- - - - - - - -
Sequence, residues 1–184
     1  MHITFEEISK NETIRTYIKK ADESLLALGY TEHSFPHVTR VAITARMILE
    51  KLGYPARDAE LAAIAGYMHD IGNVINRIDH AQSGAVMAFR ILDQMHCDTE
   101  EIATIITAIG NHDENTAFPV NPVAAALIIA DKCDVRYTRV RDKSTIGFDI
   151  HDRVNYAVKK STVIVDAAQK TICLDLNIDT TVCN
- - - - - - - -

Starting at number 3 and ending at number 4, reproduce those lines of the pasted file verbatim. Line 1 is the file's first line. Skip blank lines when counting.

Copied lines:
    51  KLGYPARDAE LAAIAGYMHD IGNVINRIDH AQSGAVMAFR ILDQMHCDTE
   101  EIATIITAIG NHDENTAFPV NPVAAALIIA DKCDVRYTRV RDKSTIGFDI